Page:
Global heating and the natural interest rate, further calls for an RBA climate mandate, how the green transition may reduce inflation and more from this week in green central banking.
New study shows climate impacts and mitigation could affect natural interest rate
Climate change may have “substantial” effects on the natural rate of interest, according to a new European Central Bank (ECB) literature review and analysis. Climate change and government policies to mitigate it could have macroeconomic effects on GDP growth, investment levels, productivity, inequality, demography and risk aversion, with consequent impacts on monetary and fiscal policy.
The study examined both short-term economic models, which do not usually incorporate environmental or energy-related effects, and long-term models which explicitly model the economic impact of climate change but do not address medium-term effects. “In most cases, we find that climate change would have a rather dampening effect on [the natural rate],” the authors conclude, calling for “increasing flexibility in the monetary policy strategy, both in terms of objectives and time horizon.”
Used as a benchmark for guiding monetary policy decisions, the natural rate is defined as the real rate of interest which allows the economy to operate at its full potential while simultaneously keeping inflation at its target.
Further calls for climate to be added to RBA mandate
The objective of supporting an orderly transition to net-zero greenhouse gas emissions should be added to the Reserve Bank of Australia’s (RBA) mandate, writes Oxford university researcher Toby Phillips in an article published in the National Tribune. The climate crisis is still nowhere near the centre of the deliberations of the RBA, he argues, with its current mandate focusing on the three objectives of price stability, full employment and “the economic prosperity and welfare of the people of Australia”.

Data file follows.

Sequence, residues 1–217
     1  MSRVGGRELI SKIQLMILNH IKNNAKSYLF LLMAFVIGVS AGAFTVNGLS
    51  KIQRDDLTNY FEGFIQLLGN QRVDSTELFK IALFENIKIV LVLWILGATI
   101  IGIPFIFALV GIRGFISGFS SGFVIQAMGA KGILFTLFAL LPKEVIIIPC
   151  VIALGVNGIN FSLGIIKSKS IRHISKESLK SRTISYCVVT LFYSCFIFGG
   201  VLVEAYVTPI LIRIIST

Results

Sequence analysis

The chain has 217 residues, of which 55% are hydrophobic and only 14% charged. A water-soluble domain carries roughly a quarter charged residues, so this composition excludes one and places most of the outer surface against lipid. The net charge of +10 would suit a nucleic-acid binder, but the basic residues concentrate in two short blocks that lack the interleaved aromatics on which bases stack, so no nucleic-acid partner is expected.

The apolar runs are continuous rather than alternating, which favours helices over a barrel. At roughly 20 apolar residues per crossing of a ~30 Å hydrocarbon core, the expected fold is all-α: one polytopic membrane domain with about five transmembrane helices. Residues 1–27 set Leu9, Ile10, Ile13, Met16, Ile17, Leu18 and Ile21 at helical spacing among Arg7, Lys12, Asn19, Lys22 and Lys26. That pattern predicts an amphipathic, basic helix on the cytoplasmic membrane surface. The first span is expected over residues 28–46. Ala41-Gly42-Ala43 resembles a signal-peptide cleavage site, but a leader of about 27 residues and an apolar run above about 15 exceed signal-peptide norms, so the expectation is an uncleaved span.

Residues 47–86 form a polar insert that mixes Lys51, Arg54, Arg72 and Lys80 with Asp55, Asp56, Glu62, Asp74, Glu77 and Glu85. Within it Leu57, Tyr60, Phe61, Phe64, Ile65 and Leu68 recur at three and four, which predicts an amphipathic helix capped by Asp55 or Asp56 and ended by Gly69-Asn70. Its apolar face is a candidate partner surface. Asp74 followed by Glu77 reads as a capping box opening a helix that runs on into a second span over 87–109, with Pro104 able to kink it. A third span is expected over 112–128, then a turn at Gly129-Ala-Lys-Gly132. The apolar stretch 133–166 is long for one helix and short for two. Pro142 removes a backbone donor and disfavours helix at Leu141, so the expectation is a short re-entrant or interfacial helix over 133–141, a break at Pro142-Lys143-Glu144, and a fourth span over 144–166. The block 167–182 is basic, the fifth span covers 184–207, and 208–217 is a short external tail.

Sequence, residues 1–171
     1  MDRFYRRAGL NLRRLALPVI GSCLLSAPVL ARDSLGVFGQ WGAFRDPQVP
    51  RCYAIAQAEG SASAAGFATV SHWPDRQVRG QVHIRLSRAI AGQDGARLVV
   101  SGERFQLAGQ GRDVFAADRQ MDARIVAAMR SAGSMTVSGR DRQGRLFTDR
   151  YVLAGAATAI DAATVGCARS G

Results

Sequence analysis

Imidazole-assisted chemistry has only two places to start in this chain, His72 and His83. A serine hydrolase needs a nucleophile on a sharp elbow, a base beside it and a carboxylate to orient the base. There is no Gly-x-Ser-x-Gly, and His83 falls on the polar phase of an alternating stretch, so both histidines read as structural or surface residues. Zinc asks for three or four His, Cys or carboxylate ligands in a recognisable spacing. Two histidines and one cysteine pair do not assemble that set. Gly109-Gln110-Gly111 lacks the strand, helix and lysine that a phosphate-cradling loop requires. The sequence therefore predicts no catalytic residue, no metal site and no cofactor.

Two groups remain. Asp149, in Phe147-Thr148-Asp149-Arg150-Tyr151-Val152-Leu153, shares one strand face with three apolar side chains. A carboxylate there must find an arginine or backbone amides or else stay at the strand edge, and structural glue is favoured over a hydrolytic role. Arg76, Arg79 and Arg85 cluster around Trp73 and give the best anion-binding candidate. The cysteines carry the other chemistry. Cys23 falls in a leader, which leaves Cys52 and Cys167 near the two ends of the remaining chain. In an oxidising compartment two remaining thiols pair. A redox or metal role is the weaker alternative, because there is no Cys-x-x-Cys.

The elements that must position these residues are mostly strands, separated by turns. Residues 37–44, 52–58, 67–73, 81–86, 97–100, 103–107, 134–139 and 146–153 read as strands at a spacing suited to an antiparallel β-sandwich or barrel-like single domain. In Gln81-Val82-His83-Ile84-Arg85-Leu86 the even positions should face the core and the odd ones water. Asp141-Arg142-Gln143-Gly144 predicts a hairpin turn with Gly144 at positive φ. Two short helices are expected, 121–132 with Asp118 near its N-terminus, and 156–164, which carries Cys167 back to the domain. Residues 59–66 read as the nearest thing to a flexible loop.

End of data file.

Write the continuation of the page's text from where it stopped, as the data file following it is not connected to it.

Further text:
“While it is beyond doubt that the third objective includes a liveable climate and a sustainable environment, not spelling this out relegates climate and sustainability to second-order status as the bank makes decisions,” says Phillips. He proposes adding a fourth objective requiring support for “an orderly transition to, and maintenance of, net-zero greenhouse gas emissions, and management of climate-related risks and opportunities”.
Phillips is programme director at the Centre for Policy Development, an independent think tank that has recommended updating the RBA’s legislative mandate to incorporate sustainability and climate risks.
Green transition may reduce inflation, says ECB’s Panetta
Greater use of renewable energy may help cut inflation compared to continued reliance on fossil fuels, ECB board member Fabio Panetta has said.
In a speech to the Italian Banking Association, Panetta pointed to Europe’s dependency on imported fossil fuels and the resulting exposure to price and supply shocks, as well as to the “huge cost” of climate change. Given that the ECB’s primary mandate is to preserve price stability, understanding the relationship between the transition to a greener economy and the price of energy is crucial, he said.
“Appropriate public policies that compress the demand for fossil fuels and stimulate the production of cheaper renewable energy sources can help to contain inflationary pressures and may even help to reduce inflation compared with a counterfactual situation. We are already using the lower cost of renewable energy to cushion the impact of the fossil fuel shock on electricity prices,” he said.